For each module you want to load, add a line similar to the following in the global configuration section of httpd.conf (replace module_name and module_filename.so): LoadModule module_name modules/module_filename.so

After listing the module with the LoadModule directive, include any of the directives from the module in the appropriate httpd.conf sections.

15

Notice the NameVirtualHost directive must be set to enable name-based virtual hosting. The * in the value (and in the values) means requests are answered from all server IP addresses that the Apache HTTP server is configured to listen on with the Listen and SecureListen directives.

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Logging Connections By default, log messages from the Apache HTTP server are written to the /var/log/httpd/ directory. When a file is transferred to a client, information such as the IP address of the client, the file transferred, a time stamp, and the client’s browser are written to the transfer log. By default, the transfer log is set to access_log in the /var/log/httpd/ directory. Error messages and messages from starting and stopping the server are written to the error_log file. If you have enabled SSL connections on the web server, any secure transfers are recorded in ssl_access_log, and any server messages are written to ssl_error_log. These log files are rotated using the logrotate utility. By default, new log files are started every week, and four weeks of log files are kept. The following directives control logging: TransferLog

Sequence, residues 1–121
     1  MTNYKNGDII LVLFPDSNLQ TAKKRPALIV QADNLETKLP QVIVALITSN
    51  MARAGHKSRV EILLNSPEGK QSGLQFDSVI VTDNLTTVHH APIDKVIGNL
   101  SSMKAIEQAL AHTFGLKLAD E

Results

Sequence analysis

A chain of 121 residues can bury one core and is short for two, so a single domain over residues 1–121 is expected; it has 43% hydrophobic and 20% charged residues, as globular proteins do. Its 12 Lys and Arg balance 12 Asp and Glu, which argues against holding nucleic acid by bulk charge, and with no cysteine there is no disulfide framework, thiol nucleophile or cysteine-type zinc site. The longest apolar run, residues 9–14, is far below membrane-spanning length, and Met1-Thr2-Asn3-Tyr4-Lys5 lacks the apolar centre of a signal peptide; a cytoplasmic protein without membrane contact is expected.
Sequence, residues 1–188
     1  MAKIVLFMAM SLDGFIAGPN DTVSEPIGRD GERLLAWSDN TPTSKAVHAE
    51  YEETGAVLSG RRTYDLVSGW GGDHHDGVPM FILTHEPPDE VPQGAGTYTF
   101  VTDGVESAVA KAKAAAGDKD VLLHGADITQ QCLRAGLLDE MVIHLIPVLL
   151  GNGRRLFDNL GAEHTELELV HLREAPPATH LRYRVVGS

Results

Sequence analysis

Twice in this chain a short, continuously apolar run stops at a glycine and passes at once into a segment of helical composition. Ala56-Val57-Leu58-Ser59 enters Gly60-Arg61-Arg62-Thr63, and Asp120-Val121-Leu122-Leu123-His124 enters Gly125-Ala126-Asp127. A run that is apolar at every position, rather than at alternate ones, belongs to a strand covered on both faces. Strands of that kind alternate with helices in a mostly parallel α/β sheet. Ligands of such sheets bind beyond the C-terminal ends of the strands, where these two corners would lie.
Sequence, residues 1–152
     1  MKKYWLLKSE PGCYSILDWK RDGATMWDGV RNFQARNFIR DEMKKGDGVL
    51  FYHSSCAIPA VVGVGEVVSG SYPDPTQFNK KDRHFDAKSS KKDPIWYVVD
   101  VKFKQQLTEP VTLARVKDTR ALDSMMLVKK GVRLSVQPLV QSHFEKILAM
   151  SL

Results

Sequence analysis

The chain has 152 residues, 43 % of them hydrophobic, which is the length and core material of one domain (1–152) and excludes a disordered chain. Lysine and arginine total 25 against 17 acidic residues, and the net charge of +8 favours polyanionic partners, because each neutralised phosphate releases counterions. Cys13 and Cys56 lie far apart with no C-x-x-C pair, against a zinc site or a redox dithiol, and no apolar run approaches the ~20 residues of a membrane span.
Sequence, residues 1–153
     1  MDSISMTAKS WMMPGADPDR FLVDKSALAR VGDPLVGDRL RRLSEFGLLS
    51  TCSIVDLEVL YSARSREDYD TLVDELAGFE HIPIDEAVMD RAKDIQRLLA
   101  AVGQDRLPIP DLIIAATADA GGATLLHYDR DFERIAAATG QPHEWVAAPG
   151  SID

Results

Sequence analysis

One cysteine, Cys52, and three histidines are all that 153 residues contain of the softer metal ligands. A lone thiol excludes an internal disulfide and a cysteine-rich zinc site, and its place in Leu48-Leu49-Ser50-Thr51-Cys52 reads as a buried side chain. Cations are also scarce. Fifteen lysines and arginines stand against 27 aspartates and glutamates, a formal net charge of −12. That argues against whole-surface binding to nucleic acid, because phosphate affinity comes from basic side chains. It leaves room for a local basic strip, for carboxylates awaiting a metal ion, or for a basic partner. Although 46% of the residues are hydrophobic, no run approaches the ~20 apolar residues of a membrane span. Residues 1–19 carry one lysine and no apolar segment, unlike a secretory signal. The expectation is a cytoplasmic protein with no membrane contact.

Filename for the transfer log. If the filename does not begin with a forward slash (/), it is relative to the server root. Default value: logs/access_log NOTE Because the default value of logs/access_log does not start with a forward slash, it is relative to the server root, which is /etc/httpd by default. However, the /etc/ httpd/logs/ directory is a symbolic link to the /var/log/httpd/ directory to allow Apache to follow the FHS guidelines of log files being located in /var/log/. Thus, the full path to the default transfer log is /var/log/httpd/access_log.